Vincent DeAugustino – Keefe Bruyette & Woods Inc.: Again from our side, your track record is virtually unparalleled, so really good color. As far as – just because what the time of the year that it is and as you guys go through and meet with a lot of agents with the 20 or so sales meetings that you do, I’m always curious – I usually get to go to one or so, but as you go through these, is there anything that you’re hearing that’s a bit of surprise or just really any good feedback that you might be getting from agents that you’re thinking about implementing?

Jacob F. Scherer, Jr. – Chief Insurance Officer and EVP: This is J.F. I would say nothing surprising coming from agencies. I think we’re always anxious to hear about pricing and how agencies feel about the industry overall; our industry and their agency, if you will, and how comfortable they feel with delivering rate increases, and we, up to this point, we have four more meetings to go. Of the 19 we’ve attended, it’s been consistent that they’re comfortable with the approach we’re taking that rates, renewal pricing is up, a lot of discussions about – particularly in wind-prone areas about the use of higher deductibles, percentage deductibles, wind and hail deductibles is something that we’re focusing a lot and there is a generally consistent comment from everyone that that we’re going to be able to implement some of those initiatives. So, I wouldn’t say that there has been anything at all surprising this spring that relative to the types of things we’ve talked about on previous calls and what has in general happen in the marketplace.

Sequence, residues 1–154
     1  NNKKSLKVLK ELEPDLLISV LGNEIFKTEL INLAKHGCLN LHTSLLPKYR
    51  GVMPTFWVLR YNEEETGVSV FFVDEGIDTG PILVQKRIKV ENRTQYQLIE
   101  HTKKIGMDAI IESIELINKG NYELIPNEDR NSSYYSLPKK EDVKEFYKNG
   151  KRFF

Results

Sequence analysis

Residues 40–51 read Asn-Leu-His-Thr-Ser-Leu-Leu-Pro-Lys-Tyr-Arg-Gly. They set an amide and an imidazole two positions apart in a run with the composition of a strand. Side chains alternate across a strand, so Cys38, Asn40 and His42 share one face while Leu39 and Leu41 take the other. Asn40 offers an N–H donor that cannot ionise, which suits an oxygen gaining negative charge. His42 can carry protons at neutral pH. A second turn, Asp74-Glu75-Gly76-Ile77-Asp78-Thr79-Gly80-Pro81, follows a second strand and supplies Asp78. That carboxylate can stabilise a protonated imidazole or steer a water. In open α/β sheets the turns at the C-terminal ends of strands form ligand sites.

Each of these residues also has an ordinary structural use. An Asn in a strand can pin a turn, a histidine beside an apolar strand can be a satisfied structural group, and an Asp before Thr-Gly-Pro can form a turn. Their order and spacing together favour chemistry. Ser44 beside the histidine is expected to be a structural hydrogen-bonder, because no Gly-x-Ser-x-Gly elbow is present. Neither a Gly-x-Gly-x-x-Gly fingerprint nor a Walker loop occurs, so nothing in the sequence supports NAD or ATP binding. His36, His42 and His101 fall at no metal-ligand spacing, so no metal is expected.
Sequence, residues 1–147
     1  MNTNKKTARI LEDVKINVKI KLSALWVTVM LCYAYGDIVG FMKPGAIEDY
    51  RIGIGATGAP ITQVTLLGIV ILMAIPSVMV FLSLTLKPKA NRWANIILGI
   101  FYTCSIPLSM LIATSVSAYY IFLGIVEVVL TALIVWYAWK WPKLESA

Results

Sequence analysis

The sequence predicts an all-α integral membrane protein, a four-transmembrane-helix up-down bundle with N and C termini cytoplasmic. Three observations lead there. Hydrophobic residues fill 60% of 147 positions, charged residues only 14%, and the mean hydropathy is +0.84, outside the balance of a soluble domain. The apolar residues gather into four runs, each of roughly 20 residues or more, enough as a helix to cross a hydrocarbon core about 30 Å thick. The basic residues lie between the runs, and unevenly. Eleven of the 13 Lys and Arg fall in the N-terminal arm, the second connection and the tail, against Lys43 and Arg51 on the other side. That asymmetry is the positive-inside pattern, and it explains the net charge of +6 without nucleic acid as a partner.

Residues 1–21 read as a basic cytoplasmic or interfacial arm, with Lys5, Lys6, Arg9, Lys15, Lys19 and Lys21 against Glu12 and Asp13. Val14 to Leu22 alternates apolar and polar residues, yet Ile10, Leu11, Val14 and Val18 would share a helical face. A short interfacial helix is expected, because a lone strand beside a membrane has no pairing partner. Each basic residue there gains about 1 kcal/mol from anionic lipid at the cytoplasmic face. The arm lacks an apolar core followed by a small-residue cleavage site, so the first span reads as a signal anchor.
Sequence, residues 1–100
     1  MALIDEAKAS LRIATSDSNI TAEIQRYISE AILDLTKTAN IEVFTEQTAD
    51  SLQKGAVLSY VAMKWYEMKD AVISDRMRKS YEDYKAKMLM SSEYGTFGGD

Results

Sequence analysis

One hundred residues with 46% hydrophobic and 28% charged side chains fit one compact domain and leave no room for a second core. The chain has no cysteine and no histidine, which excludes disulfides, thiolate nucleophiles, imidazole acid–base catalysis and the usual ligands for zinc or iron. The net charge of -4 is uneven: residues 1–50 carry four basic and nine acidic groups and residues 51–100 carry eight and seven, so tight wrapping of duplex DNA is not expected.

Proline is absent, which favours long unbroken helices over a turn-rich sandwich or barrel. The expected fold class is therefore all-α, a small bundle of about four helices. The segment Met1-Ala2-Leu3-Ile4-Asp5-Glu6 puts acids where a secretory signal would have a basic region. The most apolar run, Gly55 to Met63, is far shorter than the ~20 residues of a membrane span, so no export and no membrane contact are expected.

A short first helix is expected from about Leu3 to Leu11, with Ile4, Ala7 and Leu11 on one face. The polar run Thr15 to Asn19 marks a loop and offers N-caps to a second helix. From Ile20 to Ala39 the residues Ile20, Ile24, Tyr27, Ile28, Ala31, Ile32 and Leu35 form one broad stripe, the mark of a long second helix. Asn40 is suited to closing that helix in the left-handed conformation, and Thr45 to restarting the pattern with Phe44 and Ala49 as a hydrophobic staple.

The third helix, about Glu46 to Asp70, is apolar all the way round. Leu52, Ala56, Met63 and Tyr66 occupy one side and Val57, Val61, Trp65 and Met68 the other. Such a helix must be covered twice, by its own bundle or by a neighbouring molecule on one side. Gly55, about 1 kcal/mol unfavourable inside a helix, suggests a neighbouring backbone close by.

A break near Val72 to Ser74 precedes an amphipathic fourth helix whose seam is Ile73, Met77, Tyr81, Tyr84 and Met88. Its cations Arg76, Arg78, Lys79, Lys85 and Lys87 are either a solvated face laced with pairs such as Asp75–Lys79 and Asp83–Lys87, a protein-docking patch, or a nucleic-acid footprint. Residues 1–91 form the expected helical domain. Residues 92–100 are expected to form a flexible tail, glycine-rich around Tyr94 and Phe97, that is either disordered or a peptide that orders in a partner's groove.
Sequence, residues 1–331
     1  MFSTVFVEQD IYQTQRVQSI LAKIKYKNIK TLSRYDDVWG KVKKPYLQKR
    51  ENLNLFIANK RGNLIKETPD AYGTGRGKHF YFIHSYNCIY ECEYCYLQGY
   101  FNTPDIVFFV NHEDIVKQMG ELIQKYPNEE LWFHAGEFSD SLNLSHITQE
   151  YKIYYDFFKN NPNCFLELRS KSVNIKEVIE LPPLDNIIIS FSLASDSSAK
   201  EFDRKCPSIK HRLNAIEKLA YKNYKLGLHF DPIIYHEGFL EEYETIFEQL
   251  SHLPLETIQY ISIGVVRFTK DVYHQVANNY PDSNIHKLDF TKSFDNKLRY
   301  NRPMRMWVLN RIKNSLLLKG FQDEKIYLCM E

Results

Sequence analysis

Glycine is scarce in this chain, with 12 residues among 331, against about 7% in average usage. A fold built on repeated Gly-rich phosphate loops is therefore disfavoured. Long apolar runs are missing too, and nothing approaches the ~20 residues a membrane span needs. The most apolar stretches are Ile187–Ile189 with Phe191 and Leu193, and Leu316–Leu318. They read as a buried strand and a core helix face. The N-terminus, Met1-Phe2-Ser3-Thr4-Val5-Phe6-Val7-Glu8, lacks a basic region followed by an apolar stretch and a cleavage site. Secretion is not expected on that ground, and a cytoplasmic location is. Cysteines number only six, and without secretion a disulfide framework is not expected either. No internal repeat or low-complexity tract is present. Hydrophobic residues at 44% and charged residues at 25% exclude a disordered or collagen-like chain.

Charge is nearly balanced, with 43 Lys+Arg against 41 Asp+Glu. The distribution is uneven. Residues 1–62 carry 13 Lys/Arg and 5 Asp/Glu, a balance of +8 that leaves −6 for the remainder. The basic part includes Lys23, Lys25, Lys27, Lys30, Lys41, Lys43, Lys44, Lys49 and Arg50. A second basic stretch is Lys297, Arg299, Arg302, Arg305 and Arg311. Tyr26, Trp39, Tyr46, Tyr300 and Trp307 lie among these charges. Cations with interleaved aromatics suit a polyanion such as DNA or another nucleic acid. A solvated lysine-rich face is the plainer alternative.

Vincent DeAugustino – Keefe Bruyette & Woods Inc.: Then one last one if I can sneak it in just on audit premiums from accounting standpoint, when you have $1 of audit premium come in, is there a corresponding incurred loss with that or because of the way that you do your reserving, have you already necessarily booked the incurred loss regardless of the audit premiums coming in and so would it end up just falling all to the bottom line as far as audit premium tailwind?

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Michael J. Sewell – CFO, SVP and Treasurer: That would basically fall to the bottom line because we’ve already incurred losses. So, that has been a very positive for us over the last so many quarters.

 

Expense Ratio Analysis

Michael Zaremski – Credit Suisse: First, I was curious, your goal for the expense ratio is 30%. I was curious if that’s what the time frame is around that goal, and I was curious is the driver of that, to that 30% largely premium growth leverage?